It’s a long story, but it all starts with red hair. Sort of. She was a redhead, and in love. And 17-year-old redheads in love do impulsive things. It was a different era. Johnson was president.
Her parents were against the romance. His parents were against it, too. But redheads make decisions without consulting the rest of the world. When the young couple found out she was pregnant, they married.
Her father and mother were mad; she had never been so excited. They moved to California. He took a job driving a truck. He was gone a lot, making all-night runs across the U.S., but they were happy.
One lonely night she was rattled awake by loud knocking on the front door. She answered it in her bathrobe. Two patrolmen on her porch said that her husband’s eighteen-wheeler flipped, and he was gone.
She went through pregnancy alone. And on the morning she gave birth, she was unsure about what to feel. She held her boy against her chest and wept over him with the joyful kind of tears that only widows know.
She worked low-paying jobs. A receptionist in a textile factory. An orderly in a rest home. Finally, she decided to go back to school. The night classes were hard, but she stuck with them for many years. During the same week that her son graduated from 7th grade, she graduated with her teaching certificate, and life was looking up.
First she taught elementary, then high school. She was miserable with both jobs. Children can test a woman’s patience and cause her to use very strong cuss words in public sometimes.
She applied for a position at a junior college, it was only a part-time gig, and modest pay. She loved it. The college kids were much more sincere than high-schoolers who spent the majority of their class period grabbing each other’s butts.
There was one student in particular. A girl. Twenty-one. Black hair. Mexican-American. The bump in the girl’s belly gave her away and left her open to ridicule. These were the eighties. Reagan was president.
The girl was taking remedial classes at the college, studying for her GED, and she had a full-time job. The teacher recognized a sadness in this girl’s eyes. A sadness not so different from the kind widows have.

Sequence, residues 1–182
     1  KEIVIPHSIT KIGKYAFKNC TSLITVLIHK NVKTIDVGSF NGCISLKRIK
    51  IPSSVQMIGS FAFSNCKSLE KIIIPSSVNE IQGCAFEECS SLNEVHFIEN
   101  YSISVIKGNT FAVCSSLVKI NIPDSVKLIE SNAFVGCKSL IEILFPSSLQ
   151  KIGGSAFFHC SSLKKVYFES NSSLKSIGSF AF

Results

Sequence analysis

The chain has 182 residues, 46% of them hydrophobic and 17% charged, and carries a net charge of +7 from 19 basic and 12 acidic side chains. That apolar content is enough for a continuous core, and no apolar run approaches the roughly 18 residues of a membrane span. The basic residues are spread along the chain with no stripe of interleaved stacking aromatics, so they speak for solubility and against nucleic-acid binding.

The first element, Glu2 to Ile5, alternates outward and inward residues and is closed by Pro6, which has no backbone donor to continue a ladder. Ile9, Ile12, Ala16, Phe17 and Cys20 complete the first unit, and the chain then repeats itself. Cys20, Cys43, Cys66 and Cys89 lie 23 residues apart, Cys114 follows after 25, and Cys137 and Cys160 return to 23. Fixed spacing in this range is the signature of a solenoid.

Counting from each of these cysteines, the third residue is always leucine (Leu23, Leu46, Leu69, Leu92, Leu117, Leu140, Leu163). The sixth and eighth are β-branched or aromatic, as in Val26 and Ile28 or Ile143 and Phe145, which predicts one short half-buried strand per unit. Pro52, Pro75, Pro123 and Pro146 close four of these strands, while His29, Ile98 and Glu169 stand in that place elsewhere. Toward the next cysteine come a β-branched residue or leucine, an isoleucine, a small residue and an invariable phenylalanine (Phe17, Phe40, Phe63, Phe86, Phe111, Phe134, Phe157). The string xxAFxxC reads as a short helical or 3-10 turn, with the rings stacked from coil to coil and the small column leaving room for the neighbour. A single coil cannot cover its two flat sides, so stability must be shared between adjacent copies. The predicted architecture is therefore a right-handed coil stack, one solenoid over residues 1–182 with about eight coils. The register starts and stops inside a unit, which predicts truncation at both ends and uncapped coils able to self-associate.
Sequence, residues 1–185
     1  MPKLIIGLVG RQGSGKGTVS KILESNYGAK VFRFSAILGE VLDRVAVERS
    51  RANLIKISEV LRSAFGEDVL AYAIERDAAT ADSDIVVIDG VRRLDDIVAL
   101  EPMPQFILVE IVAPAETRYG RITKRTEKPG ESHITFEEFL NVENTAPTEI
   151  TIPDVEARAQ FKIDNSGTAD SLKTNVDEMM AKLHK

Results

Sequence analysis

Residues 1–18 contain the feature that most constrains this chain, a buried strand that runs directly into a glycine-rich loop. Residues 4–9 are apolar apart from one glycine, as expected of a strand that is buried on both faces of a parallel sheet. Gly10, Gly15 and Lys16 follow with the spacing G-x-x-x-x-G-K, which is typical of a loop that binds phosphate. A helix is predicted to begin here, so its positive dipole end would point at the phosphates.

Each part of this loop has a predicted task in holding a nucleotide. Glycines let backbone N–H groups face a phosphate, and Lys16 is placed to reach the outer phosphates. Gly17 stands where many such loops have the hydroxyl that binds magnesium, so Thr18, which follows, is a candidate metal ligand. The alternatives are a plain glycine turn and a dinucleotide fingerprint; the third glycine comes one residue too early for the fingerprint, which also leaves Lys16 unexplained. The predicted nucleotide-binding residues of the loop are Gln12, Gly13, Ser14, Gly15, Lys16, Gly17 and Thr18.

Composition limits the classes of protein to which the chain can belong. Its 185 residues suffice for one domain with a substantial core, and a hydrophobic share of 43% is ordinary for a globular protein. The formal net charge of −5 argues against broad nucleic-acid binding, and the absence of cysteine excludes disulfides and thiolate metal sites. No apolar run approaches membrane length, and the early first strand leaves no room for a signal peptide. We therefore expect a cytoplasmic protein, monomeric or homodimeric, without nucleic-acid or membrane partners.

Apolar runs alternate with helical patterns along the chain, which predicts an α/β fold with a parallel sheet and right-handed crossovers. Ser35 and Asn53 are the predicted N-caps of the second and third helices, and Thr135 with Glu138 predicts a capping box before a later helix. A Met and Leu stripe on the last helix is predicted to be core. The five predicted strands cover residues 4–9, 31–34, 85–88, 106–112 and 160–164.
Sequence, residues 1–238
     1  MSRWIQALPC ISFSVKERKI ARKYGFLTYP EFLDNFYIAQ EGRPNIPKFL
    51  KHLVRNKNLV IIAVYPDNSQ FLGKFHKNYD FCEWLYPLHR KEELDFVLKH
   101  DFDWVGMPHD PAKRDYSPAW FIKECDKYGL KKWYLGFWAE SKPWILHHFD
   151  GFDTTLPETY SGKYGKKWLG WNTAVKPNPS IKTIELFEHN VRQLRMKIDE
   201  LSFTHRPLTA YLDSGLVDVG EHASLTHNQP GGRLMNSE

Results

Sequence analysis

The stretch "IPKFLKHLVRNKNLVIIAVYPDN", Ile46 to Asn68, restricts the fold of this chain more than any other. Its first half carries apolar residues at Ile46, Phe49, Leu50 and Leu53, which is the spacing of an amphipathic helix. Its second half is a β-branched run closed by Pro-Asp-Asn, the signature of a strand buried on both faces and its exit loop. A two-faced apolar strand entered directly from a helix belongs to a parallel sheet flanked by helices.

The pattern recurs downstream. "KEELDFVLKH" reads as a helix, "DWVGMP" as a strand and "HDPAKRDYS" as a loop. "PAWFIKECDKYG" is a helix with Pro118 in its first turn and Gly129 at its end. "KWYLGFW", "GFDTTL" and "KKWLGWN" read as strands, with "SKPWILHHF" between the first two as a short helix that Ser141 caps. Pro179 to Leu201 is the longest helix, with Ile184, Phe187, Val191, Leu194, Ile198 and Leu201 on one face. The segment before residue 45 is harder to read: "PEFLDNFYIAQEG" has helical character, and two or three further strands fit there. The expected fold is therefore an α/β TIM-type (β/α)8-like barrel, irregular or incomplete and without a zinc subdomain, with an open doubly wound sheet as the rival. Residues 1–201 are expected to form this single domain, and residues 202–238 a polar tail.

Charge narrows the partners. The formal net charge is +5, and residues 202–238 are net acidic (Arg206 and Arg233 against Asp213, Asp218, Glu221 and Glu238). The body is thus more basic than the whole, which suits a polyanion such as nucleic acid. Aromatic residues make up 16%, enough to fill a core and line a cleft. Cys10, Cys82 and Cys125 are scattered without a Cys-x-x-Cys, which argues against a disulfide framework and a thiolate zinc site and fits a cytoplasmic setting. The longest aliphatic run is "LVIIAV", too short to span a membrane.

The girl told the woman she was living with friends ever since her boyfriend had been killed in a construction accident. Her family was non-existent. She was, more or less, alone.
The teacher and the girl became friends and started spending a lot of time together. They picked out maternity clothes from secondhand stores, they went to clinical visits together. And eventually they moved into the same apartment.
And on the summer night when the girl began having contractions, her teacher was beside her. From beginning to end. The redheaded woman drove the girl to the hospital. She stood near her bed, reminding her to breathe, telling her to “Push, sweetie!”
The teacher was the second person to hold this new child. And the one to change the first ceremonial poop-filled diaper.
Stay with me here, the story isn’t over yet.
College wasn’t that difficult for the young mother. Especially with the help of a redhead who’d already been there, done that, and gotten the T-shirt.
The girl worked hard. She pulled long hours of studying. And when the young mother walked down the aisle to accept her diploma, the first in the audience to applaud was a woman with red hair.
Time moved forward. Soon, the girl was not a girl at all. Her first job was as a part-time teacher, teaching English to Spanish speakers who wanted to learn. Her students were mostly service workers and kitchen staff.
After a few years of this, one of her friends suggested she apply to be a courtroom translator. So she tried it. It was decent money, and she was good at her work. The job eventually led her to hospitals where she worked as an interpreter for several years.
One night, in the emergency room, she met a girl. The girl was on a hospital bed, pregnant, 18 years old, and scared to death. It was a different era. George W. Bush was president.
The woman introduced herself to the girl. The girl cried because she was in dire straits. And it wasn’t the loud kind of crying, it was the kind that only a woman who has been there can understand.
The girl’s story was not unfamiliar: Her mother kicked her out when she found out she was pregnant. So she was living with her cousin who wasn’t exactly a model citizen, who’d just been arrested for drugs. Her boyfriend didn’t want his own baby, so he had disappeared. And she was alone.
Well. The answer seemed so easy to the woman. The woman told the girl she had a free guest bedroom if the girl wanted it. The sheets were fresh. And the woman was more than happy to have company.
Thus, on one winter day, the girl gave birth to a little boy, with the help of a roommate she never expected to have.
Several years later, her baby boy would grow to be a healthy young man. And one day, that young man would be stuck indoors during a quarantine because of a global pandemic, and he would become bored.
The young man would send a long email to a redheaded writer who lives on the other side of the United States, telling him about a string of powerful women who came before him. They were unrelated by blood, but held together by the ropes of friendship.
And now the redheaded writer has just told you.